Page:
The North Carolina academic scandal that’s unfolding makes what the Harricks did look like small potatoes.
The academic fraud in the university’s African-American studies department was first revealed three years ago. But a new investigation shows that the fake classes were even more common than previously thought, and that athletes in particular benefited from the classes, in some cases at the behest of their academic counselors. Previous investigations had found no ties to campus athletics.
On campus, the fake classes, which at least 3,100 students took, were hardly a secret. They were particularly popular with athletes, who made up about half of enrollments. Nearly a quarter of students who took the classes were football and basketball players. And the classes made a difference: good grades that students didn’t have to work for made more than 80 eligible to graduate who otherwise would have flunked out.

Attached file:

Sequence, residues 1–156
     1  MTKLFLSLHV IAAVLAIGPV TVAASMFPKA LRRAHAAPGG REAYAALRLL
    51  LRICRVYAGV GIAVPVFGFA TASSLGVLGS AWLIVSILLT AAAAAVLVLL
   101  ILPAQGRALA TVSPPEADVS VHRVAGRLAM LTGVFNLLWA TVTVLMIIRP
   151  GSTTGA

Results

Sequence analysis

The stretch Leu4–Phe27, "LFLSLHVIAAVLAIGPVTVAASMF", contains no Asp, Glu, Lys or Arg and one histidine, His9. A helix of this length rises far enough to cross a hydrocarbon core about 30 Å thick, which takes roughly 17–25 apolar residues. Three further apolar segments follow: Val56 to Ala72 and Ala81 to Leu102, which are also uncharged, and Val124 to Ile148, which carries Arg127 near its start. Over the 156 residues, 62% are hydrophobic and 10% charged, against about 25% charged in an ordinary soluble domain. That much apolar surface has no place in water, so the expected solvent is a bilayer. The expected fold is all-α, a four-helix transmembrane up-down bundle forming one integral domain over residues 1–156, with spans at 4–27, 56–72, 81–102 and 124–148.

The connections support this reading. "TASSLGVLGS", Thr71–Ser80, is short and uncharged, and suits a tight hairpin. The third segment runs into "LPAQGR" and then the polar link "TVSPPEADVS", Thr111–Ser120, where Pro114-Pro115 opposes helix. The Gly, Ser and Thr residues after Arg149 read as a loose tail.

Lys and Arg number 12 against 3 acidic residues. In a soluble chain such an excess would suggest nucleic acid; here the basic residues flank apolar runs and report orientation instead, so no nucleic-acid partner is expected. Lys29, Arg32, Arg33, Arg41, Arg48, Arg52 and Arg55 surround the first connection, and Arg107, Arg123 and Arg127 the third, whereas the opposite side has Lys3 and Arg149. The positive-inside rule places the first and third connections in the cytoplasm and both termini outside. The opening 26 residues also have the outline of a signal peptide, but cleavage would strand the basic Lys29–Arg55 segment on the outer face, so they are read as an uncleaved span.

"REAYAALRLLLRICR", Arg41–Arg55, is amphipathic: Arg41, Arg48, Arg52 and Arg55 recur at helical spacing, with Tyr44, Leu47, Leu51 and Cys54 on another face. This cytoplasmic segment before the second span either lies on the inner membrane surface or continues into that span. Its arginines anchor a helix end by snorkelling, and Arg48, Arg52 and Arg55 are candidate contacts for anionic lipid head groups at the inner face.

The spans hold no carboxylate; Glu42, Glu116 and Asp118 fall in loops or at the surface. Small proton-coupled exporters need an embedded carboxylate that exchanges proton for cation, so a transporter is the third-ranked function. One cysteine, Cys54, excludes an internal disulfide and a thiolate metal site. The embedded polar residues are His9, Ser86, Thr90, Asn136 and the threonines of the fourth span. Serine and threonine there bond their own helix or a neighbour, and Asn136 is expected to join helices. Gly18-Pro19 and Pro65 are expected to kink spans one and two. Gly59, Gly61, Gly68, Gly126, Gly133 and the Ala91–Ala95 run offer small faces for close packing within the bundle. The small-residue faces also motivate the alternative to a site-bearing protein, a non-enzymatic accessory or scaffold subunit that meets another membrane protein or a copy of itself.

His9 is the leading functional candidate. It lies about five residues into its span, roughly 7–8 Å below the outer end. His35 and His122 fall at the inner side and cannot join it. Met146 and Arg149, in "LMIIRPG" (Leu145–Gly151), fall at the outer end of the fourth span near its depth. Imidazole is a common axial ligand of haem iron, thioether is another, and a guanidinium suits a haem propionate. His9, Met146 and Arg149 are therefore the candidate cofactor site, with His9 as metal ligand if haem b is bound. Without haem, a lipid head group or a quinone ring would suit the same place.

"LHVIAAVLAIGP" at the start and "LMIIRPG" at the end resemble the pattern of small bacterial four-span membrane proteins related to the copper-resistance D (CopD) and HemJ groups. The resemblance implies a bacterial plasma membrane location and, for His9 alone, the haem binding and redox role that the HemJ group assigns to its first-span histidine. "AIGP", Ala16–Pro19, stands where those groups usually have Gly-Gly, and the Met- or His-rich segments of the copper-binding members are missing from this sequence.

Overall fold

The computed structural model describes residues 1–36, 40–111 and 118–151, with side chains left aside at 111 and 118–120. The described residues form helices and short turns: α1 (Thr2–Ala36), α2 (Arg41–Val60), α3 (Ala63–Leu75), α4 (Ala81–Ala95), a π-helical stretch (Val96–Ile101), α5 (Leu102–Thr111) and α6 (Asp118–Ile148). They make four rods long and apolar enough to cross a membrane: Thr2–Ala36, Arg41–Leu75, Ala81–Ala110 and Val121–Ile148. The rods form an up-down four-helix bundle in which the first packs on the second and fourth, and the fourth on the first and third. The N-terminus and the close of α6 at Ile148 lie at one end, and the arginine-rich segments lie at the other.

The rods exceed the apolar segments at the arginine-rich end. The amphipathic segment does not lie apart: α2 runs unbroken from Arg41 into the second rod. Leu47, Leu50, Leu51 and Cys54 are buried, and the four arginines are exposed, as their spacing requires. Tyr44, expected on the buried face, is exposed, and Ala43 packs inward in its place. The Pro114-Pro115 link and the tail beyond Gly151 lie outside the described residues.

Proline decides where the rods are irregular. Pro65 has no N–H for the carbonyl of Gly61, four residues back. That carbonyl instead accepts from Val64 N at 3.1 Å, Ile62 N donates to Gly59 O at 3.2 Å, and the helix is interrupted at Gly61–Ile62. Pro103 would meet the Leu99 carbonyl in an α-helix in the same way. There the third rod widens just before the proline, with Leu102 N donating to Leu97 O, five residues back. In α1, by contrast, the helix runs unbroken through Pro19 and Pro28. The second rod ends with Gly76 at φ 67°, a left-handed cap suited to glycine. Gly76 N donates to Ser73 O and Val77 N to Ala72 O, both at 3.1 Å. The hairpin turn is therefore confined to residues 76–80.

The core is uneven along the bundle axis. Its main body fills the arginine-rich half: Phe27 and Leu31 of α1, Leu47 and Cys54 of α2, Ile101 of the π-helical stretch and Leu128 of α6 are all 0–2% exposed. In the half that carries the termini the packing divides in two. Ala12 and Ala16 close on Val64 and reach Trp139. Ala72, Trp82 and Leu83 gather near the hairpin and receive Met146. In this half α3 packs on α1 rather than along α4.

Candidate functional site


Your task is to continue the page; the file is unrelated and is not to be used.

The big question, of course, is what the NCAA intends to do about it. This situation cuts at the core of what the NCAA likes to proclaim is what collegiate athletics is supposed to be about. In that sense, it’s a far more troubling problem than what Mark Emmert rushed to deal with at Penn State.
The early indication appears to be that there won’t be a rush to judgment.
There is a lot of gray area for the NCAA to work through. The parties directly responsible for managing the fake classes aren’t facing criminal charges and cooperated with the investigation. But the report clearly points fingers at the two. The trickier part the NCAA will have to navigate is that while there was widespread knowledge throughout the campus of what was going on with these classes, the report does not directly implicate higher-ups. As the New York Times puts it,
Although the report found no evidence that high-level university officials knew about the fake classes, it faulted the university for missing numerous warning signs over many years.
Deciding who gets to skate and how much institutional blame is merited is where the NCAA is going to spend most of its time in review of the situation.